Information is King
When you go to the hardware store to buy a new drill, it’s the hole you want, not the drill, really. However you can’t go to the store to buy a hole, so you buy the tool to make the hole. But it’s not what you want, really. You could buy the service of some work men to deliver the hole to you. Similarly in the world of computing, it’s the information we need, really, not the app.
Information is King, not apps or technology or infrastructure. They are all servants. As knowledge workers it is the information that we need and that we work on (together).
Why is it necessary to stress this? What does it mean?
If information was king, we would not for instance had to start an application to view or enter information. It’s the vendors that think this way, because they sell applications. If information was king, the main focus would not to be to create an environment to run apps effectively, but rather create a holistic information gathering and working environment. The portals would not have frames for document libraries, picture libraries, business apps, conversations and so on. No we would have frames for case1, case2, case3, etc. that I’m working on with all information linked in to that case.
And when we talk about information, we often need bits of information linked in – this paragraph of the report, rather than the whole report and so on. (see principle 2 in Dion Hinchcliffe’s The Web-Oriented Architecture (WOA) Unmanifesto).
The same goes for functionality – we often need bits of functionality, not whole apps. So we have a cloud where we shop for functionality and the cloud delivers that without claiming ownership or host-ship to our data.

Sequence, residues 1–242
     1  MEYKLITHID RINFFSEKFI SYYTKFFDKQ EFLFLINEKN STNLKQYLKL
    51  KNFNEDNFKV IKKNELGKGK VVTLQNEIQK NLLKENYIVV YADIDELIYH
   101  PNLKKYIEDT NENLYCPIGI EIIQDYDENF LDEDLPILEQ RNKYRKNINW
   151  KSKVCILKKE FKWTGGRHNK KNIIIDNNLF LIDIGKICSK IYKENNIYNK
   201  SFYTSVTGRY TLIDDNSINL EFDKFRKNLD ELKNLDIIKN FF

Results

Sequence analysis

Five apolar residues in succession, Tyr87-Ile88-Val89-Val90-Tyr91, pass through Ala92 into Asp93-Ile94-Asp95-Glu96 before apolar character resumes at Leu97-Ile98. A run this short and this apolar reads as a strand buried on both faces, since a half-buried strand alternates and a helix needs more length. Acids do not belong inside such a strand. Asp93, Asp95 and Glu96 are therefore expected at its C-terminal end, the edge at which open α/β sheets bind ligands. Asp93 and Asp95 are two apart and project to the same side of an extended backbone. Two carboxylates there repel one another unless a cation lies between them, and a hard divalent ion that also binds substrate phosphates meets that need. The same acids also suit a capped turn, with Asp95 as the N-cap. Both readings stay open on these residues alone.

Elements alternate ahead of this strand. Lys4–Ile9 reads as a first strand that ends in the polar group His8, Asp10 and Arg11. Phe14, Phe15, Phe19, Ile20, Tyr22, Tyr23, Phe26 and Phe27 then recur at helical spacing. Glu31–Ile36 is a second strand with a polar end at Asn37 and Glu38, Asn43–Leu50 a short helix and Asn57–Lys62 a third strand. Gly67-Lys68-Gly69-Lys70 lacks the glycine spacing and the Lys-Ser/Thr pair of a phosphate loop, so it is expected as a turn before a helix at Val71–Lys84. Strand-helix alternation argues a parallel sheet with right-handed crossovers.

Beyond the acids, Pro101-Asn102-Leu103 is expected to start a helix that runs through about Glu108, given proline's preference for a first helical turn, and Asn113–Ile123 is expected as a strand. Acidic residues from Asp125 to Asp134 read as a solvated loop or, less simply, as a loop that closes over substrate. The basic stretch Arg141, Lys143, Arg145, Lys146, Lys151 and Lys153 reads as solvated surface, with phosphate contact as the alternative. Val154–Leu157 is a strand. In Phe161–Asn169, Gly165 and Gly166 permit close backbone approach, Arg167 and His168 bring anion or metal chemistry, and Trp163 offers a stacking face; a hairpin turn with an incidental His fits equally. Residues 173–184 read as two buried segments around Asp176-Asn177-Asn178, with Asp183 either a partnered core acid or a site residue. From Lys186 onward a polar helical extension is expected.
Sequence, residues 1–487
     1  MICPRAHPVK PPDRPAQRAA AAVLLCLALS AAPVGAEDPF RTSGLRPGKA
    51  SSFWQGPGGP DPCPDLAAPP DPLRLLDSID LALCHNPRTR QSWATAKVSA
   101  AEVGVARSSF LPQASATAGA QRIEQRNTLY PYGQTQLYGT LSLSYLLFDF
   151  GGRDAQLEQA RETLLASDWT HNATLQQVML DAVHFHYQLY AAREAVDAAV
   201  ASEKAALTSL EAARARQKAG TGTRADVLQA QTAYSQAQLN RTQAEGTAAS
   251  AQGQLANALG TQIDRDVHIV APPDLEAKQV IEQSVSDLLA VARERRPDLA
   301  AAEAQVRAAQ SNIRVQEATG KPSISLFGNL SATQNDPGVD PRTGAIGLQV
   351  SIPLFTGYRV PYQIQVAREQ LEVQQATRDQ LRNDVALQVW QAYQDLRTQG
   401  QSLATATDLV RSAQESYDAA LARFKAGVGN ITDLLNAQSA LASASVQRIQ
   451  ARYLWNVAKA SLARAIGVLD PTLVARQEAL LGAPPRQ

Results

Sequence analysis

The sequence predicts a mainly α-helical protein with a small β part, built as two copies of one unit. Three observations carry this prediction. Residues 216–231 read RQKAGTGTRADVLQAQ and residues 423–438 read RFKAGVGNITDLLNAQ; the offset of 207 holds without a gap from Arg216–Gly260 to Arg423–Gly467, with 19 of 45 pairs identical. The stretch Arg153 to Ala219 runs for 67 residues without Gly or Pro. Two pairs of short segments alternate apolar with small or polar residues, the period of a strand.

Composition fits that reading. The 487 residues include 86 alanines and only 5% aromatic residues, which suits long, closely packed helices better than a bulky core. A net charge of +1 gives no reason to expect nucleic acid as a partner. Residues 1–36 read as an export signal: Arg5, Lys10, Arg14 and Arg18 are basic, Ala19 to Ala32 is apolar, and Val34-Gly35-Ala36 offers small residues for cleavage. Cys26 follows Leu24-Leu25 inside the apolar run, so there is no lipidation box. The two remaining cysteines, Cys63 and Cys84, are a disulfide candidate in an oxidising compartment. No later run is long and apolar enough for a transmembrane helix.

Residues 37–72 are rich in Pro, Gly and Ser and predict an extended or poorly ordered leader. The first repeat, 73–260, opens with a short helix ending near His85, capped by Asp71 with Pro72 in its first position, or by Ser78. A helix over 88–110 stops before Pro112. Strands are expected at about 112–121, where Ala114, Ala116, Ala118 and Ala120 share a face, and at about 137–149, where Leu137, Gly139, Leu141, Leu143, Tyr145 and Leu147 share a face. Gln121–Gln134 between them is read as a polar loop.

We combine bits of information and bits of functionality to produce the desired (business) output
What stops us from achieving this kind of environment and delivery model? Why can’t we as consumers demand this approach. As we see increased consumer power in the public market and web, so it could also be for business consumers. The vendor that think and delivers like this will win.
It is to bring forward the legacy of information pioneers like Vannevar Bush, (Associative linking), Doug Engelbart (Support the needs of high performance, problem solving teams, Augmenting a team’s collective IQ. ), Tim Berners-Lee (The World of Linked Data).
Getting a new gadget or app is exciting, but when you go to the hardware store to buy a new drill, it’s the hole you want really, not the drill. However you can not buy the hole in the hardware store, but you could buy the service of some work men to deliver the hole to you. Similarly in the world of computing and with the right cloud delivery model, we can in fact buy the hole in stead of the drill.
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